“Murder of Jews carries no judicial penalty when the perpetrator is high on narcotics.”
Paris, 6 January 2020
On 4 April 2017, Sarah Halimi, a 65 year old retired medical doctor and former Director of a nursery, was brutally stabbed and thrown to her death from her third floor balcony, by a neighbour screaming “Allahu Akbar.”
The Court, on appeal, dismissed all charges on grounds that her murderer was “not responsible while under the influence of cannabis.”
The Simon Wiesenthal Centre, from the beginning of the legal process, turned to the Justice Minister, to consider the ramifications of a case of blatant and brutal antisemitism.
Left to right: Centre Wiesenthal France President Richard Odier, International Relations Director
Shimon Samuels, Dr.Graciela Samuels and members.
Despite the ongoing transport strike and the many still away on New Year holiday, thousands responded to Sunday's call for, what became, solidarity against antisemitism. Coincidentally, the rally on Place de la République and march from there to the victim’s apartment building took place just as Jews and their friends were similarly demonstrating in New York - among them the Simon Wiesenthal Centre - against the growing Jew-hatred.
“Since the Holocaust, the Atlantic was a buffer as anti-Jewish violence returned to Europe. The old continent is now a trip-wire for incitement in the United States, as copy-cat violence burgeons through social media,” argued the Centre’s Director for International Relations, Dr. Shimon Samuels.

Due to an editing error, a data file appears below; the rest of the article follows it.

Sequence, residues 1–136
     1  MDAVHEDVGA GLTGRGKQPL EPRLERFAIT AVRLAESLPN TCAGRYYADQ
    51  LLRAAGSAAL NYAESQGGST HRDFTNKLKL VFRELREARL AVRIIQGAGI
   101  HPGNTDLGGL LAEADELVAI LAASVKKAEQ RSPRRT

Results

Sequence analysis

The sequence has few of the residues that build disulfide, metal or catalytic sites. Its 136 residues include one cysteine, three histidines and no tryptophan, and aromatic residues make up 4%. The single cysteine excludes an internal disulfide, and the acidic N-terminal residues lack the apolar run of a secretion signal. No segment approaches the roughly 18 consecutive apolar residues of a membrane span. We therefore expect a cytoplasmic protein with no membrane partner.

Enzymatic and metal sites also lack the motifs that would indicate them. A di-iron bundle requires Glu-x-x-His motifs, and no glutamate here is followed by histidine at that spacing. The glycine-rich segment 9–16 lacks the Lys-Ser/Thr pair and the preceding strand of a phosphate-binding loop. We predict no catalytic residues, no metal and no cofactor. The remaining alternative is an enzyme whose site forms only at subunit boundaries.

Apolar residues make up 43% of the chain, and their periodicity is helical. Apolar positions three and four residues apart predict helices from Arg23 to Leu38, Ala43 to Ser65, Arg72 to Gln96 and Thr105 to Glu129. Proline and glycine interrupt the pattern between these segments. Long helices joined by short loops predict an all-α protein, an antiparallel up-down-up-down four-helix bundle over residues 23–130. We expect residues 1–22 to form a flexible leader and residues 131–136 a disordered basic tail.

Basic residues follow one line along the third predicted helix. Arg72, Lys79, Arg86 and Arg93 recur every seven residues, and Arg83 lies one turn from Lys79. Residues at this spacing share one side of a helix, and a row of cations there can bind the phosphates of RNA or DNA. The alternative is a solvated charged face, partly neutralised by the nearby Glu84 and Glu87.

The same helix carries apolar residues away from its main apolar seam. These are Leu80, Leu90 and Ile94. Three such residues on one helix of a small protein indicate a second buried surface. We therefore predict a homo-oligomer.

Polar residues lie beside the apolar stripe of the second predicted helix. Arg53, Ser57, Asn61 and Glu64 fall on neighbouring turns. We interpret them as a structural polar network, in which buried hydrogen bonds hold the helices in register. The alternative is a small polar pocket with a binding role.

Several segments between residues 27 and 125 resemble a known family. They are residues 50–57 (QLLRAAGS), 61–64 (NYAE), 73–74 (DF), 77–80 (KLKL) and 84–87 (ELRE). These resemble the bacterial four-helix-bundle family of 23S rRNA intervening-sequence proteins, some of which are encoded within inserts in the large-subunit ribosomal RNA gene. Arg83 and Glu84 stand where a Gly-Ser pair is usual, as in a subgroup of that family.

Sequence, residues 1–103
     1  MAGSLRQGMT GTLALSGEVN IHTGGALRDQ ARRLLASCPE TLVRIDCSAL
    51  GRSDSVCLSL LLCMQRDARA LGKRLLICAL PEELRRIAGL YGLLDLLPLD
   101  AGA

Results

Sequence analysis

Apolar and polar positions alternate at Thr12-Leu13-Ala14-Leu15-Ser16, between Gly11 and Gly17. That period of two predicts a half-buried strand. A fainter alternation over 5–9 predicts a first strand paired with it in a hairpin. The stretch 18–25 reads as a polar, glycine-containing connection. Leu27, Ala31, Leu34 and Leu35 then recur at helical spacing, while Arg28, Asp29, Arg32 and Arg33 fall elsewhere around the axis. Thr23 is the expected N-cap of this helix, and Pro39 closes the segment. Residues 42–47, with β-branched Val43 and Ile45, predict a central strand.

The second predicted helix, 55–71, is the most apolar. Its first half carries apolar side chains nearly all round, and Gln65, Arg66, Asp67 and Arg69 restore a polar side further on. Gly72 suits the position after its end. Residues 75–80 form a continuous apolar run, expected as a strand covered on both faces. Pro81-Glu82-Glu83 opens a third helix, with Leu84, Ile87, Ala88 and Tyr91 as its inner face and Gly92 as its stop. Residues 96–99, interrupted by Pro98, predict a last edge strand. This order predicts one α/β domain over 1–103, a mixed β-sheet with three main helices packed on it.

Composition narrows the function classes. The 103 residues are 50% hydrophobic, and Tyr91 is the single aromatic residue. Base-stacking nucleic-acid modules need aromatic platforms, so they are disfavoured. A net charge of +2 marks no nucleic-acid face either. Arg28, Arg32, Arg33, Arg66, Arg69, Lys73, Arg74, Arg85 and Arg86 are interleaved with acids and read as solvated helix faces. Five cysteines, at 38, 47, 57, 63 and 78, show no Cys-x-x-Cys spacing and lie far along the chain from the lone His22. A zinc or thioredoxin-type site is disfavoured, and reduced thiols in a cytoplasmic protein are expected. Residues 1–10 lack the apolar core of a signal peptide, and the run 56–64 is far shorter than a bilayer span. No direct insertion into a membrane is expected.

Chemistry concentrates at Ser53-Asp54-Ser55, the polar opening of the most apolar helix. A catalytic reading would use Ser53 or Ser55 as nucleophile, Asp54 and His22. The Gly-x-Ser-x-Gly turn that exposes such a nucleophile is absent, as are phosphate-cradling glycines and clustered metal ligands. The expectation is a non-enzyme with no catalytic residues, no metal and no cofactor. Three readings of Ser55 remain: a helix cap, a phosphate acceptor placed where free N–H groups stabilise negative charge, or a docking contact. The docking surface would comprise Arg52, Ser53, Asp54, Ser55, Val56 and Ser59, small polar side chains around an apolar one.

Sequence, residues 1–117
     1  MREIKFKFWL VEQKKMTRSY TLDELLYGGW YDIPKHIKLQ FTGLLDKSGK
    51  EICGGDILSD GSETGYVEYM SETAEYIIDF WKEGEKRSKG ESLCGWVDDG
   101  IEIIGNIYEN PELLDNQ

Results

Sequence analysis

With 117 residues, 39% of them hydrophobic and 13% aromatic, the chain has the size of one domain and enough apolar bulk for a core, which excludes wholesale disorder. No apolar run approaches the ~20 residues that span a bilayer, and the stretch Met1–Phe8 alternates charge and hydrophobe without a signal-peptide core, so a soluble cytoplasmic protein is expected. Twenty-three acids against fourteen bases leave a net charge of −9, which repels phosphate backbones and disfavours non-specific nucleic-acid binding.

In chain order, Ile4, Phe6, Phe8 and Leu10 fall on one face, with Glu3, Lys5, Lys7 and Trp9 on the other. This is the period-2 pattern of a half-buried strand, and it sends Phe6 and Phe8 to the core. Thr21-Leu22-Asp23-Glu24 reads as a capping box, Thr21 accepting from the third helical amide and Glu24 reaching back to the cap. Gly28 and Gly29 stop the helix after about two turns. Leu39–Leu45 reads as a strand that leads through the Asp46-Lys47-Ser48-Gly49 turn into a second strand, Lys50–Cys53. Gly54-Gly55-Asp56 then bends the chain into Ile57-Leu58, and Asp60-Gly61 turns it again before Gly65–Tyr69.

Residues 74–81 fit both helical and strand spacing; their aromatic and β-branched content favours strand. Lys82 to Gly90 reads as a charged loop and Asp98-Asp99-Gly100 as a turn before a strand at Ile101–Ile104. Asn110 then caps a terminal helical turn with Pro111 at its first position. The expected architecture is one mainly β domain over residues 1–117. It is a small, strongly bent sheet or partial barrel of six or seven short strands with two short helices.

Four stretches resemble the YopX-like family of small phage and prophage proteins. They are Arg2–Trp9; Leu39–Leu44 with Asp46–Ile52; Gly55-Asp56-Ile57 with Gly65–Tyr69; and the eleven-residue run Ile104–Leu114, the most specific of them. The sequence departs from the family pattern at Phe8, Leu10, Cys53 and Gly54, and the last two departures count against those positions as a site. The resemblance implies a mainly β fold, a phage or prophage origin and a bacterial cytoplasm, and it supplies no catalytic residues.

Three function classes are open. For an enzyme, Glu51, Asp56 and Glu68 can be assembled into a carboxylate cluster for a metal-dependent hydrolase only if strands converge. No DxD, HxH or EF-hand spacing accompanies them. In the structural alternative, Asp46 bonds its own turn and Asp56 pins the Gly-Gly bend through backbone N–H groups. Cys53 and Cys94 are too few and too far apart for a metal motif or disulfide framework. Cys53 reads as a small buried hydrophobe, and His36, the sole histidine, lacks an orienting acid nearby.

“From the 1980 Rue Copernic Synagogue bombing, through the 1982 Goldenberg Restaurant massacre, to the vicious kidnapping, torture and murder of Ilan Halimi in 2006, the Toulouse attack on a Jewish school in 2012, the Hypercacher supermarket hold-up and murders in 2015, to Sarah Halimi in 2017, followed by 85 year old Holocaust survivor Mireille Knoll, stabbed and set on fire in 2018... the list does not include the beatings, stabbings, cemetery desecrations and a litany of other assaults across France,” cited the Centre.
At this gathering, the Police was out in full force to protect the rally and the march.
However, the nightmare is far from over.
"Sarah Halimi is a test case. Intellectuals, celebrities and journalists, Jews and Gentiles, are speaking out. Now, the people in the rally and the march demand Justice... Will the tribunal reconsider its unjust ruling? If not, a poster at the gathering, with the silhouette of Hitler, carries an ironic message, accentuating an unacceptable reality - 'Murder of Jews carries no judicial penalty when the perpetrator is high on narcotics',” concluded Samuels.
"[Hitler] was high on steroids and cocaine... Not Responsible?"